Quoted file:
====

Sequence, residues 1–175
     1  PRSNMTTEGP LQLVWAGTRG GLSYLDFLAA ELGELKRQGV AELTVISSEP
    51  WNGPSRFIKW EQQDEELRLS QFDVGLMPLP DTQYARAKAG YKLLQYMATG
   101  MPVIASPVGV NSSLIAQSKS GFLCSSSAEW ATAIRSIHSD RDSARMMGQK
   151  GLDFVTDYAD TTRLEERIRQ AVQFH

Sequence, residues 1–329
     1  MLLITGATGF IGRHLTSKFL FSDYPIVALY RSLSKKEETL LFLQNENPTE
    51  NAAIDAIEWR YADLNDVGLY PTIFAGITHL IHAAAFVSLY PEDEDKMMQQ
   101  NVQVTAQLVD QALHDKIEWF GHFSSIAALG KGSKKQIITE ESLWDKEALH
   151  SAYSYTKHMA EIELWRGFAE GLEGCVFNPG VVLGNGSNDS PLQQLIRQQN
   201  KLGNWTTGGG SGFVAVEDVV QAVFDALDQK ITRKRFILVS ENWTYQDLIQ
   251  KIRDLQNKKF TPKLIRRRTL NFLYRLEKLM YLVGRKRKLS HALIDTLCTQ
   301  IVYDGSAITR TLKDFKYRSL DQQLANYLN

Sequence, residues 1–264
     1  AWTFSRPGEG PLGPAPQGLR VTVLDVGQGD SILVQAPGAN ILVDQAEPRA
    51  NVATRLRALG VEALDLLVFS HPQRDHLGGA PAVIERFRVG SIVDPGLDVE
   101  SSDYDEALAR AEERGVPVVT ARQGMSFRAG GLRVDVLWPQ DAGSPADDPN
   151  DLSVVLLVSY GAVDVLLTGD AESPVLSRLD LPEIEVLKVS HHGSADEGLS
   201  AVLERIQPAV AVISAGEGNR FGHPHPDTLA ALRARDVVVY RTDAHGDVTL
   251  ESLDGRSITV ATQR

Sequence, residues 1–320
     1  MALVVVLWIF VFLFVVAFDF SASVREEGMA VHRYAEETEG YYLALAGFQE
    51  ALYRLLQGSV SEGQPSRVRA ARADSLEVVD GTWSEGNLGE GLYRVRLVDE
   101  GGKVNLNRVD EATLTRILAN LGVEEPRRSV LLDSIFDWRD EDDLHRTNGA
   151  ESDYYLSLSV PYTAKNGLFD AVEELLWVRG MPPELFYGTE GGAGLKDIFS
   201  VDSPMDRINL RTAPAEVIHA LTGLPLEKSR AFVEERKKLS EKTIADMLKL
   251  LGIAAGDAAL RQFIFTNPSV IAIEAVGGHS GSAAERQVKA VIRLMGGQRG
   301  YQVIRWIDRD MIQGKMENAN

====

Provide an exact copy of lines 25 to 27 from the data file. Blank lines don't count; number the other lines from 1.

   151  ESDYYLSLSV PYTAKNGLFD AVEELLWVRG MPPELFYGTE GGAGLKDIFS
   201  VDSPMDRINL RTAPAEVIHA LTGLPLEKSR AFVEERKKLS EKTIADMLKL
   251  LGIAAGDAAL RQFIFTNPSV IAIEAVGGHS GSAAERQVKA VIRLMGGQRG